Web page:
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ADD is a Gift
Do me a favor, please. I know you’re frustrated if your spouse or child or mother-in-law has one of those “labels” like ADHD or Dyslexia, or maybe a physical disability. It’s difficult, trying, exasperating. I know. I’ve been there. In fact, I am there.
But I’m asking you to do me a favor. Take a step back and just take a walk with me for a few minutes to a higher vantage point where we can get a better view of the Big Picture. I’d like you to do that and tell me what you can see from this more panoramic perspective. What have you learned about yourself because of your relationship with this “labeled” person? What new skills have you gained because you are tied together?
And what has he or she gained because of being in relationship with you? What has he or she learned about handling life and coping with difficulties due to the challenges of the label and the challenges of being related to you?
Now you may want to ask me, “Okay, Deb, I see where you’re going, but why should I be learning all that anyway? Some people have life a lot easier. Why can’t I be one of those people living that life instead of the difficult, challenging life that I do lead?”
It’s a fair question, and if you don’t mind, I’d like to respond by asking another question back: Why should a small child, an innocent five-year old be molested? No, let’s not go so far. Why should that innocent child be spoken down to? Why should someone in a war-torn country lose their family to violence? Why did over 3,000 people have to lose their lives 10 years ago on Sept. 11? And in such an atrocious way?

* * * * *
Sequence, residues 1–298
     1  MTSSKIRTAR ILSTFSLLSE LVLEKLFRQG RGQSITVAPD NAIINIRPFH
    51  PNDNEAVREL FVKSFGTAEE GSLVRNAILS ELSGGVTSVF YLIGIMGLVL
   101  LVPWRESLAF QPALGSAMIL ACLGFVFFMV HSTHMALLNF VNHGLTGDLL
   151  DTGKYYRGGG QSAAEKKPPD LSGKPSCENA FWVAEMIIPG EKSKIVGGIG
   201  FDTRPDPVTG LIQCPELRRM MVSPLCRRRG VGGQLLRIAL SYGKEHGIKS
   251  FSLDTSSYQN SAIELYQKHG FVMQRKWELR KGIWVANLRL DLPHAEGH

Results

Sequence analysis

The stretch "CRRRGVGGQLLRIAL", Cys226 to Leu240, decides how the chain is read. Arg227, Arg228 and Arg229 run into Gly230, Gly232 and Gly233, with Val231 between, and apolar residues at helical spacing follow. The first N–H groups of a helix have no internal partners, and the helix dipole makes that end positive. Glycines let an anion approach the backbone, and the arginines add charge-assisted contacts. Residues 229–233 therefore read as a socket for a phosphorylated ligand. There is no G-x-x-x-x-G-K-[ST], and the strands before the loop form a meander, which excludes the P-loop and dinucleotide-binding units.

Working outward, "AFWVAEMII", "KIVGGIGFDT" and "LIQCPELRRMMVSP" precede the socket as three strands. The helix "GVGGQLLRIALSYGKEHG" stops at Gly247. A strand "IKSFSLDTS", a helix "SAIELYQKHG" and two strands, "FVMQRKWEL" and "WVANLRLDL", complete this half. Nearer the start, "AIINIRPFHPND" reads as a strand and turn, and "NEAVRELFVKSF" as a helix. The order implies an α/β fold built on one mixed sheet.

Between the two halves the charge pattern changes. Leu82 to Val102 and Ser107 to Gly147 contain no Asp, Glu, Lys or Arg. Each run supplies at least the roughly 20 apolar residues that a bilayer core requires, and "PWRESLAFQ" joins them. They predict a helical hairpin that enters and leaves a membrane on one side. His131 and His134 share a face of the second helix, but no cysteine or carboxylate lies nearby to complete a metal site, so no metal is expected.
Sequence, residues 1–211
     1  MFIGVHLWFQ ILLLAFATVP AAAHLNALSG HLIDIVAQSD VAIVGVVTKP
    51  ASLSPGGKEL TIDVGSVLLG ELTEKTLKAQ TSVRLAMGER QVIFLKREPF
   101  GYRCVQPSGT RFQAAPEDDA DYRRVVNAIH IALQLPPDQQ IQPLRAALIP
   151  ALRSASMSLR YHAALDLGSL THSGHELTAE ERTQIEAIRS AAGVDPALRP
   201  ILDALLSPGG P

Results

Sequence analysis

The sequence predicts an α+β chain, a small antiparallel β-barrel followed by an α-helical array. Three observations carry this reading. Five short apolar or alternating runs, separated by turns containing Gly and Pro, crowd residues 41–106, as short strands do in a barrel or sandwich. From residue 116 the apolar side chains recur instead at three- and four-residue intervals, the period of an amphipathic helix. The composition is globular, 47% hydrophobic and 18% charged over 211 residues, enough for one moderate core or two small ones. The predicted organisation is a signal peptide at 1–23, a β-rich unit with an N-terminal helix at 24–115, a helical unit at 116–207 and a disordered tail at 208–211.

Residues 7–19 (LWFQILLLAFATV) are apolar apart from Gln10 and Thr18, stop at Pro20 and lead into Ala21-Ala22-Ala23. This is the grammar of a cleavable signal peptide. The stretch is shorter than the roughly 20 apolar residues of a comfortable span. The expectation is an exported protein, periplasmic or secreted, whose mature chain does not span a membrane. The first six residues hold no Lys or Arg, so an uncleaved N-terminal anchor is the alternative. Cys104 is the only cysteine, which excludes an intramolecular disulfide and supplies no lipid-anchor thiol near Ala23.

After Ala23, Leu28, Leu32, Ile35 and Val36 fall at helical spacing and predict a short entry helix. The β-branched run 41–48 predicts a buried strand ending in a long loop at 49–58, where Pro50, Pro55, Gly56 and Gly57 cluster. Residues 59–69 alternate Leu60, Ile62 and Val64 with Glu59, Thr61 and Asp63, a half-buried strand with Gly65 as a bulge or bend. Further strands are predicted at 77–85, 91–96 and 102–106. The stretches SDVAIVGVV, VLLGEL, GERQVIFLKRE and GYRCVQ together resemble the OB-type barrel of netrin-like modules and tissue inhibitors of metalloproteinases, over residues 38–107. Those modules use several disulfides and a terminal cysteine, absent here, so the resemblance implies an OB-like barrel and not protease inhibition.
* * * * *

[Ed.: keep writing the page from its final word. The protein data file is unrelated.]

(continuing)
See, when we get to those questions, what we are doing is minding God’s business. That’s not our business. Figuring out how to run a world is way beyond us and sort of pointless for us to waste time trying to worry or complain about. Okay, you don’t believe in God. Fine. The point remains the same: You and I can’t make mountains, hurricanes, or snowfalls. We can’t even get out of hurricanes, it seems. I’m not going to spend my mental energy on things that I can’t control.
But we can control ourselves and we can control our attitudes. We can control what we learn and how we use that learning. Bottom line: We can control what we make of our lives.
There is a huge, huge bonus to focusing this way, focusing on what is within our control rather than on what isn’t. The bonus is happiness. When we exercise the control that is within us over what is possible to control, we are happier. We’ve achieved something. For some reason hardwired into our brains, the act of exercising control over ourselves generates a sense of accomplishment. That translates into happiness.
Here’s an example. In times of crisis, people who reach out to help others, no matter how difficult, challenging, and huge the task, feel good about themselves. After hurricane Katrina devastated New Orleans, the people who went out with brooms—brooms, not tractors—healed from the trauma faster.
If you’re with me so far, let’s go back to the ADD or the physical disabilities or other challenges. I asked you what you learned, how you’ve grown, from being in relationship with this person who is providing you with the challenge. If all you have been able to do over the years is exercise patience, that’s an accomplishment of major proportions. Topping it off, if you came into the relationship an impatient person, then the ADHD in your life was truly a gift. Without it, you would not have learned that patience. Remember, happiness comes from the sense of accomplishment we have through exercising control over ourselves. The more difficult, the greater the accomplishment, the greater the happiness.
For the person who holds the label, it’s the exact same thing: Being able to set up your environment in a way that helps keep you focused and on task is an accomplishment. Being able to control your impulse to blurt out something when you shouldn’t is another challenge met. When you take inventory of the special challenges confronting you and how you’ve stepped up to the plate to meet them, you should feel a burst of pride inside. And that’s a gift.